Justification, punk

While assembling an online profile about myself recently (more on that later) I mentioned that not only am I driven to write, but I also write while driving.

This, naturally, elicited a response: “What?! You write while driving?” 

Yeah. I keep lots of notepads and pens in my console and when an idea slams me between the eyes, usually at 70 mph on the Interstate, I’m ready.

This goes back to my reporter days. Way back. Before Wi-Fi. Before laptops and modems were commonplace. Back in those days a reporter drove to a city council meeting, took notes and watched the clock, balancing the need to stay long enough to “get the story” against how much time it would take to commute  to the office and  file the story before deadline.

One of the ways to beat the clock was the write the story’s lead while driving back to the office. Sometimes I’d dictate into a portable tape recorder. But most of the time I’d just reach over to the passenger seat, grab a pen and begin scribbling on my notepad.

I didn’t take my eyes off the road. I kept one hand on the wheel.  At a red light, I’d make adjustments for legibility, clarity. I got quite good at it.

I still do it. My best ideas come to me while driving.

Recently, while driving — but not writing — I tuned in to NPR.  “Fresh Air” with Terry Gross (Dec. 31 broadcast date; sorry couldn’t get a link to stick) was on, featuring an interview with former Punk rockers Mick Jones of the Clash and Tony James of Gen X. They are now in a band called Carbon/Silicon.

genx

Tony James (left) and Billy Idol of Gen X

After a bit of banter about Jones’ and James’ musical roots, Gross asked them where they get their ideas, how they write their songs. And this is where my car probably swerved into the next lane rather unexpectedly as I let go of the wheel and pumped my fists while shouting “Yes!”
They said they write while on the bus (or in the bath, can’t always understand those Brit accents) and while driving.
Yes! Yes! Yes! Exoneration, justification and cred all in one.
Just when I was feeling like my usual dorky self, my Midwestern, semi-weird, mom self, I realized I have something in common with British punk rockers.
Who the hell knew?

Wheels of my logic go 'round and 'round

I went three months without a car. I dared myself to do it and I did it.

In concept, it was a great idea. We’d save money having only one car payment. Our insurance would shrink. We could shop around and save for the right new car at our leisure. And with gas prices at these rates, it seemed like an economical plan:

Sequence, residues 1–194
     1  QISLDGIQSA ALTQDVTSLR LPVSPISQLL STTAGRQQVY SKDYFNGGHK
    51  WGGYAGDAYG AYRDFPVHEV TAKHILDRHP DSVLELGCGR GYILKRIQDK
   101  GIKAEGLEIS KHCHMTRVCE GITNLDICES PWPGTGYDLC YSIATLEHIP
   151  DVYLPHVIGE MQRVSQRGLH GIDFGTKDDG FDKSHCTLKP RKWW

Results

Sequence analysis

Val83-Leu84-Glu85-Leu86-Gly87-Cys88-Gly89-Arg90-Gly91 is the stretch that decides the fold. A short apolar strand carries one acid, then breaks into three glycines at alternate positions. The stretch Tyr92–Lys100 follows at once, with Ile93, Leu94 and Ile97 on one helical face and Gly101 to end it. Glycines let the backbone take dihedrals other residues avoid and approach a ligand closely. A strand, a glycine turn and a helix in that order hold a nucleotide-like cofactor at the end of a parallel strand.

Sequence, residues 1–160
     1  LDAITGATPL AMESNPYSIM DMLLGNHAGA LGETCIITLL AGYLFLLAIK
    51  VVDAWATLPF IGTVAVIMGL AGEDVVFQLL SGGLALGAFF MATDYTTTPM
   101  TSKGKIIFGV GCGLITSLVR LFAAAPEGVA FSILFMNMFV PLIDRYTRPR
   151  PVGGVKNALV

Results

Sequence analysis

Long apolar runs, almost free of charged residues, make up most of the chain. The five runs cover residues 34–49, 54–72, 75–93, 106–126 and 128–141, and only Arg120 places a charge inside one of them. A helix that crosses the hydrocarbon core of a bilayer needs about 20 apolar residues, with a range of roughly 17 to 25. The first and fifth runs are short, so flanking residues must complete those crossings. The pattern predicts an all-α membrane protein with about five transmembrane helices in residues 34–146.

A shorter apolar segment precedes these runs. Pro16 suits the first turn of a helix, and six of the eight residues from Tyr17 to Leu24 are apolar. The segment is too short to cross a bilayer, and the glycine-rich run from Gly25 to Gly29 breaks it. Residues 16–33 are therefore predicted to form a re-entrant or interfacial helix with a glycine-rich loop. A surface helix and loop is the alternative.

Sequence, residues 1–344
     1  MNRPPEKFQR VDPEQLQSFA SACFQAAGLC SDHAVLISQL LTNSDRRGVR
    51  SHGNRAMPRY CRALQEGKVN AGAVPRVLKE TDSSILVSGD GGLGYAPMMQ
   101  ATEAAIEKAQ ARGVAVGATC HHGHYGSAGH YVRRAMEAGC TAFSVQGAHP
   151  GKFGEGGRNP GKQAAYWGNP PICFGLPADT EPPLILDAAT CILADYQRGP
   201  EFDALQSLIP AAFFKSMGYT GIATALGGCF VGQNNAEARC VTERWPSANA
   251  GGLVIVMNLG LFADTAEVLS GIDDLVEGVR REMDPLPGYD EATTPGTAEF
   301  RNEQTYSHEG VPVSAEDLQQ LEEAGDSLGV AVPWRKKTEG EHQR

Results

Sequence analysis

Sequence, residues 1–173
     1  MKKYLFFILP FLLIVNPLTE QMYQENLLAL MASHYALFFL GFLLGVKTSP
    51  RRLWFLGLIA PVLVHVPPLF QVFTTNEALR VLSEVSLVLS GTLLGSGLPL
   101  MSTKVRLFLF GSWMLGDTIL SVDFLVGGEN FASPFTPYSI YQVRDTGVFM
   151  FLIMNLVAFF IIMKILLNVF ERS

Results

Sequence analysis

AP photo/Jeff Chiu/ stolen from:www.americanprogress.org

 

In concept, I like to walk and to accomplish a lot of simple errands on foot rather than waste gas. In concept, I am a mature, rational adult.

In reality, going without a car for three months had its drawbacks. While I did tone my legs and get a lot of sun, I somehow equated these things with full-out exercise.

In reality, by the time I got my butt back into the driver’s seat, it had actually expanded. Turns out with my 40-something metabolism, one hour of brisk walking a day did nothing to burn the robust intake of food I preceeded and followed each walk with.

In reality, our only car — my husband’s work car and my back-up when needed — was totaled a week after the one-car program was enacted. Thereby voiding the whole deal of paying off Car A and saving for Car B.

In reality, all my bragging about shopping, running errands and meeting friends via walking all summer was no match for all the complaining I did at home.  Just ask the husband, who practically ran to the dealership in September to pick out a second car to shut me the hell up already.

In reality, when you are car-less, you are a pain the ass to everyone who wants to make plans with you. All the logistics of offered rides or asked-for rides, gas money reimbursement, guilt and/or refusal of rides leads to awkwardness. Enough said.

In concept, there are enough alternative methods of getting around without a car.

In reality, not in “The Motor City” which is laid out and designed with car ownership in mind.

In conclusion, absurd as it sounds, I now have a gym membership. I drive to the gym. To lose the weight I gained when I didn’t have a car. I got rid of the car to save money and get in shape. Neither of those things happened.

End of story.